Cian,KianKEY-anKeaneFrom cian "ancient, enduring." According to Irish legends, Cian was the father of Lugh, and the son of Dian Cécht, the god of healing of the Tuatha De Dánaan.
CiaránKEER-anKieranFrom the Old Irish ciar, meaning 'dark' + the diminutive suffix an. This is a very popular Irish baby boy name, greatly in honor of Saint Ciarán, who founded the Clonmacnoise monastery. His feast day is September 9.
CoinneachKON-ickKenneth, KennyFrom the Old Irish male name Cainnech, which is derived from cáin, meaning 'good and beautiful'. The Aghaboe monastery in County Laois was founded by Saint Coinneach, along with many other monasteries throughout Ireland and Scotland. His feast day is celebrated October 11.
ColmKULL-umCallumDerived from the Latin columba, meaning 'dove'. This is a classic Irish baby boy name, meaning "dove of the church", in honor of the 6th century Saint Colm Cille (Columba), who was one of the most highly regarded saints in Irish history. Saint Colm Cille was born into the royal Uí Neill clan in Donegal. But after he allegedly copied a manuscript without the owner's permission, he was banished to Scotland. He is credited with converting the pagan Scottish kings to Christianity and founded the great monastery of Iona. His feast day is celebrated June 9.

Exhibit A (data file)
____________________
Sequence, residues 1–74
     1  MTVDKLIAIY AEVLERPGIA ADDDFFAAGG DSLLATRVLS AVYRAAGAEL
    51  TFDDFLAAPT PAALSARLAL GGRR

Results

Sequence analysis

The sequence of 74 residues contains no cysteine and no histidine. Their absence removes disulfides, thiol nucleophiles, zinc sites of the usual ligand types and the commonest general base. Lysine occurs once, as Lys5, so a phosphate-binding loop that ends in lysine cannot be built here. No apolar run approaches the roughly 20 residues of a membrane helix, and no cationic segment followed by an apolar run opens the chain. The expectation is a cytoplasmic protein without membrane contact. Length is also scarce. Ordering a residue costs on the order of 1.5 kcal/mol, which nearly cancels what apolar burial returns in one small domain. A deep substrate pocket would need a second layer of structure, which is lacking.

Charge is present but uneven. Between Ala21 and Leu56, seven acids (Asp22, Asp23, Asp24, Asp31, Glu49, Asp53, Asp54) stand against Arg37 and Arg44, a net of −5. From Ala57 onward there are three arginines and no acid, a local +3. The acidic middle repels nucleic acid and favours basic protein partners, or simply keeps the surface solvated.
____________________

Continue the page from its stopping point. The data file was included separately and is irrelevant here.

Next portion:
ConaireKAW-ni-reeDerived from the Old Irish cú (con), meaning 'wolf, hound' + aire, meaning 'landowner'. This Irish baby boy name is primarily associated with the hero of the story, The Destruction of Da Derga's Hostel, High King Conaire Mór (Big Conaire). According to legend, he was the # son of a princess and a bird-man, and was forbidden to hunt birds.
ConallKAWN-allFrom the Old Irish cú (con), meaning 'wolf, hound'.
CormacKAWR-macCormac was the name of several bishops, saints, and kings, including the ancestor of the O'Neill family, legendary High King of Ireland, Cormac Mac Art.